Dear friends and valued clients,
As we have moved into June, a path to normalcy is coming quickly with stadiums allowing full capacity, restaurants filling up, and summer vacations in full swing. Meanwhile, the U.S. economy continues to recover remarkably quickly and the stock market is near all time highs. Although there are many positives, a lot of this good news could very well be priced into stocks. Companies are having trouble finding workers, while higher inflation has many wondering whether this means the Federal Reserve is behind the curve and will need to quickly tighten monetary policy to stave off inflation. Add to that higher taxes and more deficit spending are likely on the way, causing a lot of things for investors to worry about.
The U.S. economy continues to open up faster than even the most optimistic economists expected at the start of the year. Much of this is due to COVID-19 cases hitting new lows and restrictions being lifted across the country. The U.S. economy has likely already recovered all of its lost output from 2020, with U.S. gross domestic product (GDP) expected to grow close to 10% in the second quarter of 2021 (source: Bloomberg). As of now, this year is on pace to be the best year for GDP growth since the early 1980s, bolstered by fiscal and monetary stimulus.
First quarter earnings season is over, and it was simply amazing. The percentage of S&P 500 companies beating earnings per share targets (87%) and upside to revenue growth (over 4%) were both the highest that earnings data aggregator FactSet has ever recorded. The 52% year-over-year increase in S&P 500 earnings per share came in more than double the 24% estimates as of April 1. Lastly, overall earnings estimates for 2021 have increased 12% this year, right in line with the return from equities.
Strong economic growth and massive stimulus has brought with it major concerns over the economy potentially overheating. The Consumer Price Index (CPI) for April sparked much of the worries, with the core reading (excluding food and energy) rising 0.8% month over month, the hottest since the early 1980s (source: U.S. Bureau of Labor Statistics). You are likely seeing higher prices when you go to the grocery store or fill up your car, making this a real concern. Problems filling jobs and supply chain issues are adding to the inflation pressures on top of the pent up demand coming through as the economy reopens.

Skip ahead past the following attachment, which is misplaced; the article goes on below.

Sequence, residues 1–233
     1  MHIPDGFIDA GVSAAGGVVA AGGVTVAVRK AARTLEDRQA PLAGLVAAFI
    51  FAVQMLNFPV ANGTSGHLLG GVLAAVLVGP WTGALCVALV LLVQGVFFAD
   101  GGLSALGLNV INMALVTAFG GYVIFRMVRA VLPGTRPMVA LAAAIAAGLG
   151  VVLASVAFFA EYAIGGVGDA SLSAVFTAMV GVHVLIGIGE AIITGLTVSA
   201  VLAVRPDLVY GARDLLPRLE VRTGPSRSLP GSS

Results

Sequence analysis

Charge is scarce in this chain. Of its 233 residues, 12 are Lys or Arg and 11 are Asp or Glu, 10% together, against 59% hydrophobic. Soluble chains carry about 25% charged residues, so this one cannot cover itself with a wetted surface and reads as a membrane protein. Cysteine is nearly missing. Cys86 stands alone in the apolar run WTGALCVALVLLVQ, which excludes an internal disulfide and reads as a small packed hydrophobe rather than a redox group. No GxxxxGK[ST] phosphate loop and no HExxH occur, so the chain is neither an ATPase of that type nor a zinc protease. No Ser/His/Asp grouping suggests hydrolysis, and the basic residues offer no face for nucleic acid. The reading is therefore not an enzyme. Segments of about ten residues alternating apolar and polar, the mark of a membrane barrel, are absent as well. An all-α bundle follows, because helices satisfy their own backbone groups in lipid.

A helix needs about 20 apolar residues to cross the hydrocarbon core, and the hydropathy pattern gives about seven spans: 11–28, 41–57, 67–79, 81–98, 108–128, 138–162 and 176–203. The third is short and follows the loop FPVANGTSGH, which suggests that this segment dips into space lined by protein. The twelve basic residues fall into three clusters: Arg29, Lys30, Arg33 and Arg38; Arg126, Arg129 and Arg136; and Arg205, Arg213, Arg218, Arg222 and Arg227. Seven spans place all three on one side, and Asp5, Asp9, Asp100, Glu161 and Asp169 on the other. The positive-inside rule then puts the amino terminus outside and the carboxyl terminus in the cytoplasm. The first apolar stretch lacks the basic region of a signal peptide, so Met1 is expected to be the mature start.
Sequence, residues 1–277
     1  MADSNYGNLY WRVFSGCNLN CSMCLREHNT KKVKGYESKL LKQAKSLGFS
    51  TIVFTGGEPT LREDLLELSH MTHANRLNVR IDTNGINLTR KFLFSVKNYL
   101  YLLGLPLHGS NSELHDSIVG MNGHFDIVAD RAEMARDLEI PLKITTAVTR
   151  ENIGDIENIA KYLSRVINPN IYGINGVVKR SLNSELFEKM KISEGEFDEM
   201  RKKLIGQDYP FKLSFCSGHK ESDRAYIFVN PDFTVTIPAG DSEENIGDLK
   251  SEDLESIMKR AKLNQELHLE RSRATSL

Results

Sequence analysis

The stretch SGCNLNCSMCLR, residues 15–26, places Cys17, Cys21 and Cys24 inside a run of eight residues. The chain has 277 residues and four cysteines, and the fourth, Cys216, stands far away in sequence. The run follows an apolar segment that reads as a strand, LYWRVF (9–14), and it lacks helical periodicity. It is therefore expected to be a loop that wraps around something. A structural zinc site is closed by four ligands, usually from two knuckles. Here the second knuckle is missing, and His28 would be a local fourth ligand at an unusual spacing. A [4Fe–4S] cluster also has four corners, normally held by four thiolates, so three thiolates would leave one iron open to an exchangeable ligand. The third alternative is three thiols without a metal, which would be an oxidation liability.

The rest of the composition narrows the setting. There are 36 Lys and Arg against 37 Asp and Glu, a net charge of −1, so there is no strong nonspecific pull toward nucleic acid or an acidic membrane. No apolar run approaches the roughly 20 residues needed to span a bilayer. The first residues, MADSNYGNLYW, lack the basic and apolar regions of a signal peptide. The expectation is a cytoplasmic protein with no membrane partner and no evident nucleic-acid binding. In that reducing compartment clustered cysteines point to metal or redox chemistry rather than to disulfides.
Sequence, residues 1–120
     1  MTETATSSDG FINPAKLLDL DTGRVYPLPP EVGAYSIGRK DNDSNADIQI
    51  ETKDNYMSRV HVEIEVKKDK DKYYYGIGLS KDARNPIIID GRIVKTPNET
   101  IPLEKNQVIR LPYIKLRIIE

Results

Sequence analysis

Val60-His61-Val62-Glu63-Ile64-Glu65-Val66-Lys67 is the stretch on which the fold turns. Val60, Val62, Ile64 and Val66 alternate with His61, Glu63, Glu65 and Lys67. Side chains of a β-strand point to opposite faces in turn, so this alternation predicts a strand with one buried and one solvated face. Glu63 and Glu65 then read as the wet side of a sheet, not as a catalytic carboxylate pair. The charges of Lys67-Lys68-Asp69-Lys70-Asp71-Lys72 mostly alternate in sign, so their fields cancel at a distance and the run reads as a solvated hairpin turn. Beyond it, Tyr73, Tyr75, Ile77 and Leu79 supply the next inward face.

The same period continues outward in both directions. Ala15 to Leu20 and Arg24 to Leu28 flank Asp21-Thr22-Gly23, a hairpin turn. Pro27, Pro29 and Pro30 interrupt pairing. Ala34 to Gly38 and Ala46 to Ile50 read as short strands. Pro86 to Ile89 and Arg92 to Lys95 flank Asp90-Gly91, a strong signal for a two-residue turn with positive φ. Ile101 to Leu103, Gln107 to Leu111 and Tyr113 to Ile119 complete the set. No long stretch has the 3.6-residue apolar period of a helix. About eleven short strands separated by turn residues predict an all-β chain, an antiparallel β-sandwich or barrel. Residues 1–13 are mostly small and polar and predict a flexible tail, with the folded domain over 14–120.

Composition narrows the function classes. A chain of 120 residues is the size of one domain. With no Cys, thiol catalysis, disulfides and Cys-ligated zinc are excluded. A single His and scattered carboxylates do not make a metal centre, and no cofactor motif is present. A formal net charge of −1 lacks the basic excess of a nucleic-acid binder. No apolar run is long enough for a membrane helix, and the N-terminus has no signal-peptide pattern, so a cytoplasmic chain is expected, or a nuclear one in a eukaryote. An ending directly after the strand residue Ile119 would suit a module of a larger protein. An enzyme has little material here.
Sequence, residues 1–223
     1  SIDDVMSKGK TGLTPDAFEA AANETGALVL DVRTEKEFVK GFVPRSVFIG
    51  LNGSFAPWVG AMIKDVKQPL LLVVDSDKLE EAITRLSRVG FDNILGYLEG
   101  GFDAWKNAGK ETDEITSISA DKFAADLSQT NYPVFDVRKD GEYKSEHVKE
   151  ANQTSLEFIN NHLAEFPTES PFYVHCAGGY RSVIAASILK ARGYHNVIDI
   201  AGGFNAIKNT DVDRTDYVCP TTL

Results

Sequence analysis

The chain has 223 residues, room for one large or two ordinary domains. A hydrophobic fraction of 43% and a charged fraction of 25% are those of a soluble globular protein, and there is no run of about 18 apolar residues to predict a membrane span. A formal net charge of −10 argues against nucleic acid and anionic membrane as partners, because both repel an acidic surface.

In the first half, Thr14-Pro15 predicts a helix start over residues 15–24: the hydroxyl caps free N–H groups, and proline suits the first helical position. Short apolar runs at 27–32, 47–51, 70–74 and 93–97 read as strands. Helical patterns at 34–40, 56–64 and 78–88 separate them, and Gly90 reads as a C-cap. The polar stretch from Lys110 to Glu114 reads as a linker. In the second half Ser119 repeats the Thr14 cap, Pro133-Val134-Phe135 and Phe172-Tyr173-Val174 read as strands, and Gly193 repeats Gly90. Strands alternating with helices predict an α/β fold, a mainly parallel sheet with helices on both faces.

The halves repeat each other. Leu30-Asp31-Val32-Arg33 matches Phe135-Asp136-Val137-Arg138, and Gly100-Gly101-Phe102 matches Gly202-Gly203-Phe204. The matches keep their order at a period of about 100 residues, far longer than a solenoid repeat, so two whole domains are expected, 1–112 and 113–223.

Although these concerns are real, longer term inflation should come back to trend. Technology, globalization, the Amazon effect, increased productivity and efficiency, automation and high debt (which puts downward pressure on inflation) are among the major structural forces that have put a lid on inflation in the past decade plus – and will likely continue to do so.
The next several months are historically the most volatile of the year for investors and we wouldn’t be surprised to see that hold true this year. In general, investors should continue to favor stocks over bonds in their portfolios, as appropriate. Should there be any downside volatility, you may want to consider using the weakness to buy stocks at cheaper prices given the still favorable economic backdrop and strong company fundamentals.
Most importantly, go out there and plan a fun vacation this summer!
As always, please contact us with any questions.
Dave Schaper, CRPC®, AWMA®
President / LPL Wealth Advisor